This report provides the findings from the Adult Social Care Outcomes Framework (ASCOF) in England for the period 1 April 2014 to 31 March 2015. The ASCOF draws on data from a number of collections; details of these data sources and which measures they are used for can be found in the Data Sources chapter within this report. Further details of the measures, including the purpose of the framework, can be found in the ASCOF Handbook of Definitions, which is published by the Department of Health.
Please note: As part of the 2015-16 validation round, councils were invited to resubmit SALT 2014-15 data. 50 councils submitted restated data to NHS Digital and the revised data are now available as part of the 2015-16 SALT publication. Additionally, this restated data has been used to refresh the 2014-15 SALT-based indicators contained within the 2015-16 ASCOF publication. Links to these outputs are available in the Related Links, below.
The ASCOF is part of a range of outcomes frameworks (alongside those of Public Health and the NHS) which collectively reflect the joint contribution of health and social care to improving outcomes. The ASCOF is used both locally and nationally to set priorities for care and support, measure progress and to strengthen transparency and accountability. Its purpose is three-fold:
- Locally, the ASCOF supports councils to improve the quality of care and support.
- The ASCOF fosters greater transparency in the delivery of adult social care, supporting local people to hold their council to account for the quality of the services they provide.
- Nationally, the ASCOF measures the performance of the adult social care system as a whole and its success in delivering high-quality, personalised care and support.
The ASCOF measures how well care and support services achieve the outcomes that matter most to people. The measures are grouped into four domains which are typically reviewed in terms of movement over time. A number of these measures however have seen changes to their source data or definition which have resulted in year-on-year comparisons not being appropriate. Time-based comparisons are therefore not always provided and further explanation can be found in Chapter 3 (Comparability). In summary however, the new Short and Long Term Support (SALT) data collection has replaced the previous activity (RAP and ASC-CAR) collections. This impacts on the following measures: 1C, 1E, 1G, 2A, 2B and 2D. Furthermore, the introduction of SALT has also affected the eligible population used in determining the Adult Social Care Survey (ASCS) samples. The following measures are therefore also impacted 1A, 1B, 1I(1), 3A, 3D(1), 4A and 4B.
As mentioned above, some of the measures included use survey data (the Adult Social Care Survey and the Survey of Adult Carers in England) and are therefore based on a sample of possible respondents. It is not possible to know the true value for the overall population in these cases however the variation present in the sampled data can be used to assess whether a change or difference is statistically significant. Where this is the case, statistical significance will be stated in the report. The non-survey-based measures use transactional data drawn from operational systems and so use all available data points. Any changes or differences presented, on the assumption of robust data quality, can therefore be taken as conclusive.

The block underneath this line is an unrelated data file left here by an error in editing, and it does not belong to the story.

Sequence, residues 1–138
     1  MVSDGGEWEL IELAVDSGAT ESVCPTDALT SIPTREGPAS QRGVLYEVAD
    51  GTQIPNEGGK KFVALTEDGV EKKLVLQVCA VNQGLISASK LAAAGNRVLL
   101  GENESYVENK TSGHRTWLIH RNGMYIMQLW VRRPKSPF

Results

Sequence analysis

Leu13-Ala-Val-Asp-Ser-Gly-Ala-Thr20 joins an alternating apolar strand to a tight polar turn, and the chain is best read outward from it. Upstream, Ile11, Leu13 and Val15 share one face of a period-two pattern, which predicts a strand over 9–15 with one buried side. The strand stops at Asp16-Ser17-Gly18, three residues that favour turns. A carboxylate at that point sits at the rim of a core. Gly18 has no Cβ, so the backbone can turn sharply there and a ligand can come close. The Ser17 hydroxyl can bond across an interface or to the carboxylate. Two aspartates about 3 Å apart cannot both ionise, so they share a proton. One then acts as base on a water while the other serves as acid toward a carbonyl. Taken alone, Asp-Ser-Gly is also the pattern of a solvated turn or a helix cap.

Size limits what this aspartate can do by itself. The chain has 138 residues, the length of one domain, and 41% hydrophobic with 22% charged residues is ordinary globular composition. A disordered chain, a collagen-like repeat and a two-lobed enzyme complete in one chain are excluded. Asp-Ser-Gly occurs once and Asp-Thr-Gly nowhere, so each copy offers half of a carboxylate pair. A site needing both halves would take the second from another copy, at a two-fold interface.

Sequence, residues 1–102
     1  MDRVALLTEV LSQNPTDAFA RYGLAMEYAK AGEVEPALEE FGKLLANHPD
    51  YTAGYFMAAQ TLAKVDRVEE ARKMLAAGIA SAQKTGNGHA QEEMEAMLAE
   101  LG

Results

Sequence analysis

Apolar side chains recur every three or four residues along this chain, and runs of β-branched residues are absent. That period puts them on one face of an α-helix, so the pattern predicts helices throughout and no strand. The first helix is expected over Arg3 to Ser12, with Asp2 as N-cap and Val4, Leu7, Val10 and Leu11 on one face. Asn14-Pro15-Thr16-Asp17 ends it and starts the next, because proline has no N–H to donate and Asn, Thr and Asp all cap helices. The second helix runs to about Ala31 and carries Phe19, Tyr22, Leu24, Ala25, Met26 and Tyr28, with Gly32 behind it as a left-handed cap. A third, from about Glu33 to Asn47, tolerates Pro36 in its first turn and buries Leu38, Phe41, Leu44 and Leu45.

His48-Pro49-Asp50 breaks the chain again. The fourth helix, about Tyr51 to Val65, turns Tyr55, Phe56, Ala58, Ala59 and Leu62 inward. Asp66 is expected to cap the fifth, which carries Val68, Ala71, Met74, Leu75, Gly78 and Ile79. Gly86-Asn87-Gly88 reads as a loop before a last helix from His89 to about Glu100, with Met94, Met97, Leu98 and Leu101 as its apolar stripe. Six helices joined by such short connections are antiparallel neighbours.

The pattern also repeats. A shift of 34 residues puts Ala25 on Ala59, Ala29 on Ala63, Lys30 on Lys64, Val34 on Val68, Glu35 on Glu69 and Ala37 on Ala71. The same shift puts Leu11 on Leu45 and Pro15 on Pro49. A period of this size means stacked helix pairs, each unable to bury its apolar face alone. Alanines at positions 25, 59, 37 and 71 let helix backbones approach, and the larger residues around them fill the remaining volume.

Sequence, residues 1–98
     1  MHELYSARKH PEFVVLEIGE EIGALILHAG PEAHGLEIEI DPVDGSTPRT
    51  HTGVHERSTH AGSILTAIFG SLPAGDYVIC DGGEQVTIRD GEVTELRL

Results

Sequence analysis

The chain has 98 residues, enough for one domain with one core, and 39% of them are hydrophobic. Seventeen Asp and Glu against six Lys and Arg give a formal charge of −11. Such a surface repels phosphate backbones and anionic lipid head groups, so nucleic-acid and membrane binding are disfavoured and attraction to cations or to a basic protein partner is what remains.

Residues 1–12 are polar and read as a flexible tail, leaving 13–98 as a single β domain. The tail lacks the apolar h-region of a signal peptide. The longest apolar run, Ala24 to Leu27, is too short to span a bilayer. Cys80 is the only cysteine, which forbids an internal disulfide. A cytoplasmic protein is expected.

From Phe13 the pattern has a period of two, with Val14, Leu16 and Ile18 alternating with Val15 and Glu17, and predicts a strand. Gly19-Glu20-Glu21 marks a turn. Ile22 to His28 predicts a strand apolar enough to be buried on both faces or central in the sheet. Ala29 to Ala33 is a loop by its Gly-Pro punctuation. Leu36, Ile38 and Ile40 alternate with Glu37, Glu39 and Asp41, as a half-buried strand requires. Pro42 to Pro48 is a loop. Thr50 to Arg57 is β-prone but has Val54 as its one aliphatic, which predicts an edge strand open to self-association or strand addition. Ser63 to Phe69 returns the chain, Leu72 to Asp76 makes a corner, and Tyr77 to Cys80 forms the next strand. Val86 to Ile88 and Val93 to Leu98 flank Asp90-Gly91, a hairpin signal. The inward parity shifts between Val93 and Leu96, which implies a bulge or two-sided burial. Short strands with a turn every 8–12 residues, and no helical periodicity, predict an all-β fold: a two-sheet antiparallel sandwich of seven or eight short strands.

ASCOF Indicator 1J
The existing ASCOF Indicator 1A (Social Care related Quality of Life) tells us about the current (care-related) quality of life of people using social care. Following discussions in 2011 at the Outcomes and Information Development Board (OIDB), it was agreed that the Department of Health would commission a research project from the Quality and Outcomes of Person Centred Care Policy Research Unit (QORU) to develop a 'value added' measure of social care-related quality of life. This indicator, to be known as ASCOF Indicator 1J, will form part of the 2016-17 framework.
The summary paper below (IIASC Report Summary 2014-15) describes the background, methods and results of the QORU study; the application of this calculation to existing data flows to derive aggregate local authority-level data; and the interpretation of these individual and aggregate measures, again drawing on the QORU study. A section covering the impact of changing the source of the eligible population for the survey from RAP in 2013-14 to SALT in 2014-15, as well as the change from Primary Client Group to Primary Support Reason as part of the inclusion criteria, is also included. A dataset of local authority data (based on 2014-15 Adult Social Care Survey Submissions) is provided (IIASC Dataset 2014-15) along with a calculator (IIASC 2014-15 Calculator) to enable councils to calculate and analyse their individual-level scores using their own 2014-15 ASCS data return.
A similar dataset will be made available for 2015-16 in due course before this measure is included as part of the standard ASCOF reporting outputs for 2016-17.
For further details, QORU's papers detailing the conclusions of the research and development phase of their work can be found via the 'Related links' section below. Any queries or comments should be directed to [email protected] in the first instance.